Sign Language Interpreters
BSL interpreters translate meaning from one spoken or signed language into another signed or spoken language, in one-way or two-way settings. Interpreters will use their skill and knowledge of the two languages, and their understanding of cultural differences between those for whom they are interpreting, to transfer a message in one language into the other language. With the assistance of technology, it is now possible for an interpreter to assist with communication remotely, via a webcam. However, for the majority of assignments it is preferable for all parties to meet face to face.
Lipspeakers have been professionally trained to speak with a clear lip-pattern. They repeat or rephrase the speaker’s message clearly, but without vocalising, producing the natural patterns of speech and the emphasis of the original message. Lipspeakers can also support the message using facial expression, gesture and fingerspelling, if required.
Electronic Notetakers provide a summary in English of what is being said, for example working in an educational setting. They are trained to takes notes for Deaf people in meetings, on courses, or at other events, which in general are one-way assignments, but can also be two-way as the Deaf client may wish to ask a question or offer a point of view. The Deaf client can choose to watch the interpreter or read the words as they appear on the screen and have the facility to add their own notes from the information being relayed by the interpreter. These notes can be printed off or emailed to the client.
Speech to Text Reporters/Palantypists
Speech to Text Reporters/Palantypists use a specialist keyboard equipped with computer software to produce the speaker’s message word for word. As the words are typed they can be projected onto a large screen for the whole of the audience to read. They are suitable for people with varying degrees of deafness who are comfortable reading English, often at high speed. It is generally a service used for a one-way assignment, for example at a conference or training session.
Deafblind Manual Interpreters
Deafblind Manual Interpreters work with clients that have a dual sensory loss. Communication is by using ‘hands on’ signing, with the client holding the interpreter’s wrists, or using the deafblind manual alphabet, where the interpreter will spell out what is being said on the client’s palm. These Communication Professionals also relay visual and other non-verbal information, such as reactions to what has been said.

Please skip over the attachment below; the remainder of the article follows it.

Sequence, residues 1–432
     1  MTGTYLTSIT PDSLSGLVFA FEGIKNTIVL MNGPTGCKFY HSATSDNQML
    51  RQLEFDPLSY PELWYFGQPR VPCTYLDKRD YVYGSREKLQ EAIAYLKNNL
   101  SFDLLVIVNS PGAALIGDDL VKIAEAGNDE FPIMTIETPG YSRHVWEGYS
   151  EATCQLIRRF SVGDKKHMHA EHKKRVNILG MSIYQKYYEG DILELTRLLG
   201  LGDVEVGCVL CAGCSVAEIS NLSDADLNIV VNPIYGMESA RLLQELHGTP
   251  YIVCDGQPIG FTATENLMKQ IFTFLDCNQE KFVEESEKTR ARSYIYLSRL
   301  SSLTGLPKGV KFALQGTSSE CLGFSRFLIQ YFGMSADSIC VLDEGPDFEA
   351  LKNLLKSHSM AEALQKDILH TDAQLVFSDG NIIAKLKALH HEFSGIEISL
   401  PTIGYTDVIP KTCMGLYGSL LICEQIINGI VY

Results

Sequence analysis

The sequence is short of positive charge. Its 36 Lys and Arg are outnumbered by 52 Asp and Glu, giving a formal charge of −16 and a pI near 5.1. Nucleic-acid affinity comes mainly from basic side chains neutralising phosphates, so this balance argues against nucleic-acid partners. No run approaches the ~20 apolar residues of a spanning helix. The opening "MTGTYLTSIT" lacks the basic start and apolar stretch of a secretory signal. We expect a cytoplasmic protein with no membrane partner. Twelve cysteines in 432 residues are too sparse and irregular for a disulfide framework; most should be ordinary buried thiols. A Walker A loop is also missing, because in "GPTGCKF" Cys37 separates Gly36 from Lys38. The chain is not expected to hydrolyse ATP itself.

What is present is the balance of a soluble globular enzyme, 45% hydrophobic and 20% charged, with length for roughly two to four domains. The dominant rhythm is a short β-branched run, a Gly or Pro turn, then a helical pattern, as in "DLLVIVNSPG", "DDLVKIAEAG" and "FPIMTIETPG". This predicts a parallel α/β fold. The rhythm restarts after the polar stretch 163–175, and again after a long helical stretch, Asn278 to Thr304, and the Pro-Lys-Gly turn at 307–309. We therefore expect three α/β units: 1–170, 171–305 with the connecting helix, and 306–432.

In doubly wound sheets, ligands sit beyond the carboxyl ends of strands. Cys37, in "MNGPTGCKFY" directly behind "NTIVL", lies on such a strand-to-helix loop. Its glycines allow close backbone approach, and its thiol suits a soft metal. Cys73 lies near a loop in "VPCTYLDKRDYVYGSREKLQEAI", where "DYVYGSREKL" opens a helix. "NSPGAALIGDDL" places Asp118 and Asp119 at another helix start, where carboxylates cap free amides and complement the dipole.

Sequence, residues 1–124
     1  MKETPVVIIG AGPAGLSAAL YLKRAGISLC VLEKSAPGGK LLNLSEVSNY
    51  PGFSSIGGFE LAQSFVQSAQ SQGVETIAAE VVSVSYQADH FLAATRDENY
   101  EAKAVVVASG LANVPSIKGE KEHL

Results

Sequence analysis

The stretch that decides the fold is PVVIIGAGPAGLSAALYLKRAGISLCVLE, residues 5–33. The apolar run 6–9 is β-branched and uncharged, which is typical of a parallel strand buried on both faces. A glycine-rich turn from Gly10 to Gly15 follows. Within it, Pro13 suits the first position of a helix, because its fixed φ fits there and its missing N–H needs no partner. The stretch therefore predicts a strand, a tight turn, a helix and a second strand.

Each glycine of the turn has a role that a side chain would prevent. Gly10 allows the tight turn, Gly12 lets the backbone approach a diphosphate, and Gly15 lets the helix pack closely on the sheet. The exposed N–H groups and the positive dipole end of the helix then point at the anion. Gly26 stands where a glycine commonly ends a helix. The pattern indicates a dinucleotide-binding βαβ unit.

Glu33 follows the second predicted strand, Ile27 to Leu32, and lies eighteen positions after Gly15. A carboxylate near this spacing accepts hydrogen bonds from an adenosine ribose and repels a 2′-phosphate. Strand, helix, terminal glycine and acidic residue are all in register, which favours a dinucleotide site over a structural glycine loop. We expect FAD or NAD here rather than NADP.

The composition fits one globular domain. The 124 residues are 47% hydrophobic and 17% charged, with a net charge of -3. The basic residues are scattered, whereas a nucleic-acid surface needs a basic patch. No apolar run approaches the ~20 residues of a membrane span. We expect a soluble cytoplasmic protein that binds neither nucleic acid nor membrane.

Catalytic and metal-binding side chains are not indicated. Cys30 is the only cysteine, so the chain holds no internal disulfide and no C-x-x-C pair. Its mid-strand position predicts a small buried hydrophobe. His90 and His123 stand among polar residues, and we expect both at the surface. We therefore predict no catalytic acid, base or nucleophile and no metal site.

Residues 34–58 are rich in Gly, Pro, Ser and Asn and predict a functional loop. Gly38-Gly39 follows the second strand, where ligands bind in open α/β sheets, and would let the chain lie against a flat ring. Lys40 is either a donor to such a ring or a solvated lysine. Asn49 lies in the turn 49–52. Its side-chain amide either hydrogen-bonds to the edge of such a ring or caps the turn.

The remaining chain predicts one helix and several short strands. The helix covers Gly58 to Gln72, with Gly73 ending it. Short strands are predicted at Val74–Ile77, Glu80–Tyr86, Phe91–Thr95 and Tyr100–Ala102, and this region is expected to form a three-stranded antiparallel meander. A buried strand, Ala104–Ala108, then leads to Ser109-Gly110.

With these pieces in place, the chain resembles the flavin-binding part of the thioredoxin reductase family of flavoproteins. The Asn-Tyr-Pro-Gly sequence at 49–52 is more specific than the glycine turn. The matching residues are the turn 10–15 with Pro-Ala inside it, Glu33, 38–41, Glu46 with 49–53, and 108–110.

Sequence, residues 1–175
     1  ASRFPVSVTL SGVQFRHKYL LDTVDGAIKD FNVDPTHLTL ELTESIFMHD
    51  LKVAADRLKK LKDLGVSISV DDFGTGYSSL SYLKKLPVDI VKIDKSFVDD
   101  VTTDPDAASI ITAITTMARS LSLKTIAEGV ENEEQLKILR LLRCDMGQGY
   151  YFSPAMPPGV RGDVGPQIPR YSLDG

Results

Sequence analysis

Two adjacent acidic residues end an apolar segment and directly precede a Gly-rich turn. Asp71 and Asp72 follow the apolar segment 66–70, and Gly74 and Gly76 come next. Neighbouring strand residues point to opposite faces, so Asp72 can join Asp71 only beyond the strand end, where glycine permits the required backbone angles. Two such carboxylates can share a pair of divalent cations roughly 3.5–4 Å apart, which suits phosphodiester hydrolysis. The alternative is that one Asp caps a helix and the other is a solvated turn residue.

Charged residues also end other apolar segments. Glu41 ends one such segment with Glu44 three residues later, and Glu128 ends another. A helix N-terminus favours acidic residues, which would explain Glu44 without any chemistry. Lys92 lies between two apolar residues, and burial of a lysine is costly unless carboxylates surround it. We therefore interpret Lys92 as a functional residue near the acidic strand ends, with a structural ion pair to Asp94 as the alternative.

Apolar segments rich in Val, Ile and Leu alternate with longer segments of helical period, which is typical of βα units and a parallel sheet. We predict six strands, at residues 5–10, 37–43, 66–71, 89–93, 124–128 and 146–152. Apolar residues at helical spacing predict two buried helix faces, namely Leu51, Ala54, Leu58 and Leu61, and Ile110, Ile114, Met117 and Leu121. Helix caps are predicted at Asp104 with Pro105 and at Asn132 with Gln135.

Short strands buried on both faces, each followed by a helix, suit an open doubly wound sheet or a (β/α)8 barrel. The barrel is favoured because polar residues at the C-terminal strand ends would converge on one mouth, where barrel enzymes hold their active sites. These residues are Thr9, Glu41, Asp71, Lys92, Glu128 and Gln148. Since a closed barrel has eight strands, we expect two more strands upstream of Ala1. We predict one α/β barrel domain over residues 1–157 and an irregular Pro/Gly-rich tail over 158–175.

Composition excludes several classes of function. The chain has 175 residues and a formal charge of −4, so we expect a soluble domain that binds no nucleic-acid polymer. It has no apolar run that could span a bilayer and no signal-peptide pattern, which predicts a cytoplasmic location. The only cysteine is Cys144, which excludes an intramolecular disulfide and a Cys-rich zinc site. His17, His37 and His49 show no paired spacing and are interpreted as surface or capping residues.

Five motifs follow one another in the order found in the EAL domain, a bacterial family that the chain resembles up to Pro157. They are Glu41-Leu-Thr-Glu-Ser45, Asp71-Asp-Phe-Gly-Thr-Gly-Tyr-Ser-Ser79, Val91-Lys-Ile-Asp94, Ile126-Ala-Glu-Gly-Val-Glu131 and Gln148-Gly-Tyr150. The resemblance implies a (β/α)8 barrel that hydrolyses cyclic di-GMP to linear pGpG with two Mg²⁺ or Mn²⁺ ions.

Deaf Relay Interpreters
Deaf Relay Interpreters generally, but not exclusively, work in conjunction with sign language interpreters. They facilitate communication when deaf individuals have idiosyncratic language use; for example where there are articulation problems, minimal or compromised language, mental health issues, or users of foreign sign languages. The speaker’s message is signed, via a sign language interpreter, to the deaf relay interpreter, who in turn rephrases this message to the deaf client. Likewise the deaf relay interpreter will repeat what the client has signed to the interpreter and then the interpreter will voice-over what the deaf relay interpreter is signing.
What our clients are saying about us:
Deaf Direct are a local organisation who are well respected by the Trust and the Deaf and hard of hearing community, having strong connections to other aspects of their lives. Deaf Direct have provided us with a reliable and well delivered service for a number of years. Their administrative processes are excellent and they provide accurate statistical and financial information to the Trust.
“Would you please pass on my thanks to the interpreter who volunteered to make this year’s annual Lights of Love service accessible to the deaf community of Worcester. The evening was a great success and, that is not least thanks to the ongoing support of your organisation.” November 2014 – Chaplain, St Richard’s Hospice, Worcester
Excellent interpreter. This consultation would not have been possible without her. She had a good working relationship with the patient. The patient’s care was enhanced by her presence.
I am now doing level 2 and hoping to do level 3 – through this I have met Deaf/hard of hearing people and spoken to them. 2. I helped to volunteer for a Deaf charity at an information stall in a hospital. The first person to stop was Deaf so I chatted to him – it was great to use my BSL in a ‘real-life’ situation (outside class) for the first time!” 2013-14 academic year – BSL student
XX was the best interpreter I have used in the 16 years of working with impairments. Not only was she 100% professional and warm, she was flexible, supportive for how we worked which made this complex interview relaxing. Thank you
Amazing how prompt and helpful everyone was. A new phone was delivered and fitted within 72 hours. We are so GRATEFUL. Thank you (13th April 2017)